7 Simple Truths In Infosec

Sometimes simple is better. This post was just going to be a straight list of bullet points, but I felt compelled to add some insight into each one. I think these are basics we need to understand as we embark on security leadership in our respective organizations.

1. Baking security early will save you in the long run

The earlier you involve the security team in your product release, changes, or new initiatives, the more resources (time, money, effort) you will save in the long run.

2. Compliance does not equal security, but it is a common driver

Companies and people feel like if they are compliant, then they are done and secure. Unfortunately, the hidden truth behind the compliance ecosystem is that it’s a lot of grey areas. From how you design your controls to the type of auditor you select. This can be a chapter on it’s own. See my next point.

3. Security is a Journey

Just like your career or entrepreneurship, security is a steady journey and not a point in time assessment. If you are continually assessing and re-assessing your security, then you have the right mindset.

4. The biggest threat to Security: Complacency

The opposite of the previous point. If you think you have done everything you need to do from a security perspective, you’ve already lost.

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5. Companies will choose to survive over security any day

We are seeing an astonishing amount of layoffs in the security field, including CISO’s and entire security teams. There are several reasons to this, and assuming apolitical reasons, a company will choose to survive and stay alive any day. Even if it means taking a hit in security for the short term.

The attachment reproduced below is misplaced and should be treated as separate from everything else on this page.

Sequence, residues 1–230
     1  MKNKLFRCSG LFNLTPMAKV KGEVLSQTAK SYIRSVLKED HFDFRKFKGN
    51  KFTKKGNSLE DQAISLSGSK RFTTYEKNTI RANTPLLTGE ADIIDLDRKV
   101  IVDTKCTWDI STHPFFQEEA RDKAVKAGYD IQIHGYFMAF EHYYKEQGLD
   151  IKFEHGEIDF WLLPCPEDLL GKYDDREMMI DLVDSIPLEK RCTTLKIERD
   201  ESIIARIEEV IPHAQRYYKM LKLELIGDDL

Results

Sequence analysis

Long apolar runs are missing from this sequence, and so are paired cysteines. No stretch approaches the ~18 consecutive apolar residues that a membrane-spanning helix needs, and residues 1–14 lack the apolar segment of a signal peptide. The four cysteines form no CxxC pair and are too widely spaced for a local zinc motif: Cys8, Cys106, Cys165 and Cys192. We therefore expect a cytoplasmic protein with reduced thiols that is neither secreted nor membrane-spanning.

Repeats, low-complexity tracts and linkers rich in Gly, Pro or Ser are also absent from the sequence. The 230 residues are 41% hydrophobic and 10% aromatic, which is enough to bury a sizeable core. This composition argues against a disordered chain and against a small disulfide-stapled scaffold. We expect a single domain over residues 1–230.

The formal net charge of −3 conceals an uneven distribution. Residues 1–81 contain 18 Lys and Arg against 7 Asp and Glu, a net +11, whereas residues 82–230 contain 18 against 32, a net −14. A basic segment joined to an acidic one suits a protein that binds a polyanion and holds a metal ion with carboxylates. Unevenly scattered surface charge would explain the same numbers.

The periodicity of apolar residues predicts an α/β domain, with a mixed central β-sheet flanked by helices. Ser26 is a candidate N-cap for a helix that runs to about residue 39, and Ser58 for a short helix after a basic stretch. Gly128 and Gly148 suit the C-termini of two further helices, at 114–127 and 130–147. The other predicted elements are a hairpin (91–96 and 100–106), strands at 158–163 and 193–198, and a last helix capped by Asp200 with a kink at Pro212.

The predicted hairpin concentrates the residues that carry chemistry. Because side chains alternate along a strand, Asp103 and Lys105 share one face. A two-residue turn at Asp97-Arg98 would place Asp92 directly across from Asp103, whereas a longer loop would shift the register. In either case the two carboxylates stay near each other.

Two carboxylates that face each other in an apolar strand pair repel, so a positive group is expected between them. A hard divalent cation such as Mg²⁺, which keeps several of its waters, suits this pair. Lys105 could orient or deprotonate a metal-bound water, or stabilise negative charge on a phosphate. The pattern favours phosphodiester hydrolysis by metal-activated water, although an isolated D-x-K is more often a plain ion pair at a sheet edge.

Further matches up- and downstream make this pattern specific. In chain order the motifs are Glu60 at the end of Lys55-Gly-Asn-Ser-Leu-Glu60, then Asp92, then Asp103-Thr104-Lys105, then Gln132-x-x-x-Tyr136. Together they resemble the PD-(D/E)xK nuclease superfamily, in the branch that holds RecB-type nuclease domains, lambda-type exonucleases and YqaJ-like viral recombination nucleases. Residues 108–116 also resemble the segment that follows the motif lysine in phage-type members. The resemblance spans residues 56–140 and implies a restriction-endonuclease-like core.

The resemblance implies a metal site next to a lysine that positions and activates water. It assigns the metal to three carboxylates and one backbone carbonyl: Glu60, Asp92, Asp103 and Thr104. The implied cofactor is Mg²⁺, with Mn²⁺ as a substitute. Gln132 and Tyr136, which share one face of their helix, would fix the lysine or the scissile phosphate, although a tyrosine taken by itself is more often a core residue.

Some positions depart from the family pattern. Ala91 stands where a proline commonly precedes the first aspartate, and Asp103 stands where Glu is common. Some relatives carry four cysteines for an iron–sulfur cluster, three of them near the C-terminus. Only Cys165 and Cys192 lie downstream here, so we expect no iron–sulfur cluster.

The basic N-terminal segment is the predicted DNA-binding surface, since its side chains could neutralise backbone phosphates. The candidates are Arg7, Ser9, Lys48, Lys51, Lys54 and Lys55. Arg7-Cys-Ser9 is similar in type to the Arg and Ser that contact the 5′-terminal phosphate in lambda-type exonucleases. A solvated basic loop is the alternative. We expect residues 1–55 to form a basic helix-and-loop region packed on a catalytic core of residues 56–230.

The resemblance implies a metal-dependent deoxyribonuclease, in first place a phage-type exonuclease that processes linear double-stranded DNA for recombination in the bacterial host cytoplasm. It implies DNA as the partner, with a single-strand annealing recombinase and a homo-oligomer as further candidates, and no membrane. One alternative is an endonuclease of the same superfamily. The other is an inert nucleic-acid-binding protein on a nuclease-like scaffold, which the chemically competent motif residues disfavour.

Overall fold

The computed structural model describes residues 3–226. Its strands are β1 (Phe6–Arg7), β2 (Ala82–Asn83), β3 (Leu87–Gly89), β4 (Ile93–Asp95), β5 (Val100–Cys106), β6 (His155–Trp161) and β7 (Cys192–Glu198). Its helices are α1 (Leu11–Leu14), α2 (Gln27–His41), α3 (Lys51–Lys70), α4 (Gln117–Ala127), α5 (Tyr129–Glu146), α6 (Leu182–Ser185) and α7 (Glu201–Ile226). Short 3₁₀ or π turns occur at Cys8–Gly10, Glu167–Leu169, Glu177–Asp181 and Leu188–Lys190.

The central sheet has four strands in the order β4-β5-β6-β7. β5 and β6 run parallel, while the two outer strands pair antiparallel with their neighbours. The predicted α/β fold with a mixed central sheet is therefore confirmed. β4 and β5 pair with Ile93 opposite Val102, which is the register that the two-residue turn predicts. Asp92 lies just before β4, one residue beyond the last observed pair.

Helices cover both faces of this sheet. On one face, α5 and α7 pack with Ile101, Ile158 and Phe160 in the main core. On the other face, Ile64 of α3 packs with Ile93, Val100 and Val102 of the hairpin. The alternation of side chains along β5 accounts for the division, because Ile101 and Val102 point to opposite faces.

Same goes for any expanded engineering team, a company might focus on just core features vs experiments.

6. Guardrails vs Gatekeeping will get you further on your mission

So many people have been burned by gatekeepers in security. There is a whole generation of people that distrust security people. If you are acting as guardrail, preventing them from hurting themselves or shooting themselves in the foot, they will be every so grateful. This of course requires a consultative and empathetic approach.

7. Learn the language of your partners

As a security person you need to have the ability to understand the language of various teams, that includes:

  • The Executive Team - Business Language

  • Product Team - Product Management Language

  • Engineering - Technical Language

  • The Board - Strategy and Risk Language

  • Finance - Finance and Accounting Language

The more you are able to speak their language, the more you will get along.

Think about it, aren’t you impressed when someone new you meet knows a technical term in your industry? Or if you speak another language, if they know a few words in it?

That’s it for now. I have a few more, but maybe for another day. Thanks for reading!

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